The Severe Violator Enforcement Program (SVEP), which became effective on June 18, 2010, is intended to focus enforcement efforts on recalcitrant employers who demonstrate indifference to the health and safety of their employees through willful, repeated, or failure-to-abate violations relating to significant hazards.  The SVEP replaced the Enhanced Enforcement Program (EEP), a program also intended to target problematic employers. The EEP’s criteria, broader than the SVEP criteria, also relied on the employer’s compliance history. In 2009, the Office of Inspector General (OIG) audited the EEP and issued a report criticizing the program’s efficiency and effectiveness. The OIG found that OSHA missed a number of EEP-qualifying cases, did not conduct proper follow-up on a majority of EEP-qualifying cases, made little effort to determine if non-compliance existed company-wide where there were multiple locations, and generally did not utilize the enhanced enforcement tools the EEP provided to ensure future compliance.  

Rather than amend the EEP, OSHA replaced the program with the more narrowly focused SVEP. At the root of the OIG’s criticism was OSHA’s failure to conduct follow-up inspections because of EEP’s expansive criteria. These criteria created so many EEP cases that OSHA could not maintain the program’s increased enforcement efforts. As such, OSHA tightened the criteria in the SVEP to better focus its enforcement resources on those employers who have demonstrated particular recalcitrance or indifference to their OSH Act obligations. Section XX of the SVEP Directive, CPL 02-00-149, requires OSHA's Directorate of Enforcement Programs (DEP) to submit to the Assistant Secretary an End of Fiscal Year Report of each Region’s SVEP activity. In addition to the activity report, DEP worked with OSHA's Regional Offices to evaluate SVEP’s implementation, current status, and obstacles in order to measure its effectiveness and efficiency.   This report reviews the data collected on those inspections designated as SVEP cases as of September 30, 2011, the end of FY 2011.As of the end of FY 2011, there were a total of 191 inspections designated as SVEP cases. This report reviews this set of developing cases at two points in time – their individual status as of September 30, 2011 and as of February 29, 2012 – in order to apply statistical analysis to the SVEP’s implementation. SVEP cases were broken down by their SVEP-triggering criteria, by industry type (construction and non-construction), company size, and case status. OSHA surveyed the field regarding follow-up and related inspections, 11(b) actions, and various aspects of settlement activity.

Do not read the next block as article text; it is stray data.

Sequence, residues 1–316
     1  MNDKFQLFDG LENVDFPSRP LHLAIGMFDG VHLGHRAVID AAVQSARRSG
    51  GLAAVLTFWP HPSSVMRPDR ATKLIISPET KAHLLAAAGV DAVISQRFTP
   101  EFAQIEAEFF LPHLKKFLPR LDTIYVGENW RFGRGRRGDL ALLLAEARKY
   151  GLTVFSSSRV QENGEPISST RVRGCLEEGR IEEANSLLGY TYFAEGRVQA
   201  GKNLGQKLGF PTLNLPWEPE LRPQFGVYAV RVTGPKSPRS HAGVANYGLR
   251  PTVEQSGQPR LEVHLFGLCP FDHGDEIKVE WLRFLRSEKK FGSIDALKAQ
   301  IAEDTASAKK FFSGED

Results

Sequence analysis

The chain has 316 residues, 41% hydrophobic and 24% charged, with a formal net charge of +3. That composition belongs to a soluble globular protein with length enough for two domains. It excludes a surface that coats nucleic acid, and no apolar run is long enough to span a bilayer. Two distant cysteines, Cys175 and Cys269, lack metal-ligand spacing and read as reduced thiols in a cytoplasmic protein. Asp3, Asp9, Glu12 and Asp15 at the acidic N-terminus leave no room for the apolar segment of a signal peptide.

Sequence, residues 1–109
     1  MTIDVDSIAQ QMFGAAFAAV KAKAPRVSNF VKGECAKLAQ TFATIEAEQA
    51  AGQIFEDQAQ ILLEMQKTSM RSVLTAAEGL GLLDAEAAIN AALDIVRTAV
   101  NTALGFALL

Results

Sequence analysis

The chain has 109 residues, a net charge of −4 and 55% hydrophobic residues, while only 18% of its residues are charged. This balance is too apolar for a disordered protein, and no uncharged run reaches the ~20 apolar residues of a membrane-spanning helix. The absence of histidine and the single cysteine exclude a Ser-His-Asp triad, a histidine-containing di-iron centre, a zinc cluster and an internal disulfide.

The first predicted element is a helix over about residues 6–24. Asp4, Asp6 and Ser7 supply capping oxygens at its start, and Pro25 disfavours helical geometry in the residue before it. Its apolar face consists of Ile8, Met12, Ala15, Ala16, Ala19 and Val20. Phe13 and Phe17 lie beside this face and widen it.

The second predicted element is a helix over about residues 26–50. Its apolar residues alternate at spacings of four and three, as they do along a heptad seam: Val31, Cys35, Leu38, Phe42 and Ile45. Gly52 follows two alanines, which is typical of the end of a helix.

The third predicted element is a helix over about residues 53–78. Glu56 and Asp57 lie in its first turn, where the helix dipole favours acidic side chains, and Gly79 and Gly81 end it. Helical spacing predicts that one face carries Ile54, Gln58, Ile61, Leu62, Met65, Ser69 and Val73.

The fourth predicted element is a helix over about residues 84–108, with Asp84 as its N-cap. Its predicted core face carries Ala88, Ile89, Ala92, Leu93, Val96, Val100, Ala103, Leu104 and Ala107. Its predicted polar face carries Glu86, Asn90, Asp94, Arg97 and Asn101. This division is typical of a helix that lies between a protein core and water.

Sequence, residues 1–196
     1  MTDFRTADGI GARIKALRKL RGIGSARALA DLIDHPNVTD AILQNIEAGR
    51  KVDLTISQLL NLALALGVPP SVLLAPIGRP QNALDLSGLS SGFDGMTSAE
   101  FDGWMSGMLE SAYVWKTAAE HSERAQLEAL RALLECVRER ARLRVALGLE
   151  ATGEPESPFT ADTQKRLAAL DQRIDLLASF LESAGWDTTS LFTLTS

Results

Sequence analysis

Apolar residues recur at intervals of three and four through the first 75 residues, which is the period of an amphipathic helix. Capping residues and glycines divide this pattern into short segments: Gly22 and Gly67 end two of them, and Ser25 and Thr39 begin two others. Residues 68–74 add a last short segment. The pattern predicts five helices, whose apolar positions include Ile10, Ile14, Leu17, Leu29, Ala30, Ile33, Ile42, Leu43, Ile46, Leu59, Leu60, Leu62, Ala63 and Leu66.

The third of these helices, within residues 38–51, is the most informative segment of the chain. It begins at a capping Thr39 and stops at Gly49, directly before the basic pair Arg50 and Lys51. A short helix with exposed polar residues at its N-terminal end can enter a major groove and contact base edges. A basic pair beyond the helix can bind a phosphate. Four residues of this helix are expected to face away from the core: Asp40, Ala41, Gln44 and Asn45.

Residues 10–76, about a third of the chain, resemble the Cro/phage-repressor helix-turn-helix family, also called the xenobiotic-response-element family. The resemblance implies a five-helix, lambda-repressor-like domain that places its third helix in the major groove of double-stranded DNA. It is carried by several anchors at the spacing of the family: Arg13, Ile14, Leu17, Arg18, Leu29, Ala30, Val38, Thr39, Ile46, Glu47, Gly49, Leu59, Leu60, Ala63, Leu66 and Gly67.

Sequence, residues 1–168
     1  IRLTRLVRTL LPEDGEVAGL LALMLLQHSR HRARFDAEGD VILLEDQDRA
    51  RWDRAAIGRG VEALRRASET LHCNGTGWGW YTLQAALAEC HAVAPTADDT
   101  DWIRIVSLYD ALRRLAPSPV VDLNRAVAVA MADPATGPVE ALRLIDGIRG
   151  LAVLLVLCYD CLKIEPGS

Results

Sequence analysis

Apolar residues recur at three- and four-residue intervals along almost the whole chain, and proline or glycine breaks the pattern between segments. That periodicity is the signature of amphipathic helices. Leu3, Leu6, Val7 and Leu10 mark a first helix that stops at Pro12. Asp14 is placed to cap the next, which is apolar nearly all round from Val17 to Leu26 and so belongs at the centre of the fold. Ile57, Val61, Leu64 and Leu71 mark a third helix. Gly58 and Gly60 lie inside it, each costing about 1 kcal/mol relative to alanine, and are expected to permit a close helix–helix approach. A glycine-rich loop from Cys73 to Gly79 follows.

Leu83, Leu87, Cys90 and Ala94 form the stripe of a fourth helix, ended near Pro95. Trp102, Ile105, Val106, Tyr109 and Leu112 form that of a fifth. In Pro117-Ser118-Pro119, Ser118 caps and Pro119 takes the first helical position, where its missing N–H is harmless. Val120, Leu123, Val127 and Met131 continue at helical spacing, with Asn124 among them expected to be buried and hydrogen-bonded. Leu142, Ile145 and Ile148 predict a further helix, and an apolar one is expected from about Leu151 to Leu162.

From information collected in the SVEP Log and the OSHA surveys, OSHA found that: 

  • The mandatory follow-up inspections are regularly conducted.
  • Enhanced Settlement Provisions are being established with employers requiring measures above and beyond basic hazard abatement to ensure compliance at the cited facility and at other related facilities. Of the 180 inspections that were still SVEP cases as of February 2012, 67 settlements included enhanced settlement provisions. The most commonly-used provisions require employers to provide safety training, inform OSHA of current and future worksites, use OSHA’s consultation services, and regularly conduct safety and health audits.
  • Follow-up and related inspections of construction companies have been difficult. Because of the short-term nature of the jobs and the small size of the companies, they often cannot be located for follow-ups.
  • To date, few SVEP cases have triggered related inspections of the same employers across multiple sites.
  • To date, few SVEP cases have required court orders to force compliance under section 11(b) of the OSH Act.
  • Clarification and standardization of policies between OSHA and the Department of Labor's Solicitors Office (SOL) are needed to facilitate joint work (such as 11(b) orders, citation deletion and reclassification, and the inclusion of enhanced settlement provisions).

Between when the program became effective on June 18, 2010 and the end of FY 2011, there were a total of 191 inspections designated as SVEP cases. In the first, partial fiscal year (June 18, 2010 – September 30, 2010), there were 41 cases. In FY 2011, the first full year of the SVEP, there were 150 SVEP cases.

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